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DTA SRS: Finally got to shoot one! (*Video update)
Well, I finally got to handle and shoot a Desert Tactical Arms Stealth Recon Scout. My buddy purchased one about 2 months ago, and I hadn't gotten to get together with him yet to shoot it. This weekend, we finally made it happen. He has the 26" barrel in .260 Remington, and the 16" barrel in .308 with the "covert" handguard. First, my assessment of the rifle is that it's pretty impressive. It's quite ergonomic, and while the pistol grip has a big larger palm swell then I expected, it's very comfortable, and I can see how it would be for most shooters. DTA is coming out with an adjustable cheek piece that will be an option later this summer. I thought the bolt being further back might take quite a bit of getting used to, but I didn't think it was much of a big deal at all. The bolt lift was nice (less force than my custom Remington 700), although you couldn't baby it when you were closing the bolt, she locks up tight. The raceway was pretty smooth, although not custom action smooth; but you also have to keep in mind that the rifle is brand new and has less than 200 rounds downrange. So I suspect that it'll smooth up quite a bit as she gets broken in. I was VERY impressed with how well the rifle balances for off hand shots, it's FAR better than a conventional heavy barreled rifle. Just a rough guess, I'd say the rifle weighs around 16 lbs the way it's currently set up.

I can tell you that the bolt likes to be ran pretty hard. I noticed that if you tried to baby it, you wouldn't get it to completely eject from the rifle, or it would try to flip back into the action. It could be a concern for some people, but every time I really ran the bolt, it ejected perfectly. The only kind of "complaint" or thing that I didn't like about the rifle was loading the magazines. They are blocked off at the rear to accommodate the short action calibers. The feed lips are pretty long, so you're almost ducking rounds down under the lips and sliding them back. While it wasn't an issue, the magazine followers do try to tilt a bit, but right themselves up. The spring tension is good and they never had any problems with leveling or binding, they just get a bit wonky as you load them. I can also tell you that if you want to shoot singles, make sure you actually slide them part way into the chamber because if you don't, they like to hang up on the feed ramp. This isn't really a surprise because DTA says flat out in the manual that even when shooting singles, they recommend loading them in the magazine. As long as you had the point of the bullet above the base of the feed ramp, I didn't have any issues feeding singles, and there was not even the hint of binding when stripping rounds off of the magazine.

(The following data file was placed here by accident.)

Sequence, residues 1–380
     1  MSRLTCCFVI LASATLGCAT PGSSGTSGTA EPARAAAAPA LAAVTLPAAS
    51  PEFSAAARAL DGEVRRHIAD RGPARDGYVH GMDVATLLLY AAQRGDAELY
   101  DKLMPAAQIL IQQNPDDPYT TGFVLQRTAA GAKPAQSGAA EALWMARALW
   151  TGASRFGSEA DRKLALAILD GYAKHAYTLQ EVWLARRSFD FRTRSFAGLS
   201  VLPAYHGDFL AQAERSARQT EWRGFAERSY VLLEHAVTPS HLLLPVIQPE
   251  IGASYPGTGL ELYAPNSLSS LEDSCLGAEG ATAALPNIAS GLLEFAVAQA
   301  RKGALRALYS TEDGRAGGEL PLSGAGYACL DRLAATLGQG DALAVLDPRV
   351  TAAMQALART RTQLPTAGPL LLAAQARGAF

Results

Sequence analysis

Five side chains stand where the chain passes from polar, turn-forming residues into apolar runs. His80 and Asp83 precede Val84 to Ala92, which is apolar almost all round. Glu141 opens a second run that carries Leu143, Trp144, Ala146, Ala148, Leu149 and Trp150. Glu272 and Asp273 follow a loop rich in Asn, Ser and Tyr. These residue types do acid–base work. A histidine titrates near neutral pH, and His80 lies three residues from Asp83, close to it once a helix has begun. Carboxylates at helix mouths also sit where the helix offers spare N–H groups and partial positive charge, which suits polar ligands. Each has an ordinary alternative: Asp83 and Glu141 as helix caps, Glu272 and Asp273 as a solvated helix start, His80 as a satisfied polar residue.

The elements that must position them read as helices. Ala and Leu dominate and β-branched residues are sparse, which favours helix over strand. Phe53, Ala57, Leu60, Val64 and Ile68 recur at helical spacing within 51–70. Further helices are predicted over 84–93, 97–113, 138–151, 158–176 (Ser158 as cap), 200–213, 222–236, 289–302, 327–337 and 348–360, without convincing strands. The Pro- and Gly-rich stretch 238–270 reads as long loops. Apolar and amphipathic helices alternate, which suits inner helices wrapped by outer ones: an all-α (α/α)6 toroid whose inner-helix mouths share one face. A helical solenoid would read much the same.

Now the big question that I know most people will have is about the trigger, which is always the complaint on bull pup rifles. Honestly, you'd never know that it was a bull pup because the trigger was AMAZING. The trigger is adjustable for pull weight, pre-travel, and even when it's located in the trigger guard. This is nice because you can set the trigger to a place that's comfortable for your finger length and so you can get a true 90* pull on it. My buddy has his set at 3 pounds, and it has absolutely no pre-travel, breaks like a glass rod, and has very little over travel. Even though my buddy says it's set at 3 pounds, I'd say it feels like it's closer to 2 lbs, possibly because of how ergonomic the setup is, and where the trigger shoe is placed in relation to the hand. I've never felt a trigger that was necessarily any better than the SRS trigger, and that includes my custom rifle and many others I've shot. The rifle is VERY easy to shoot well, and it's dang accurate.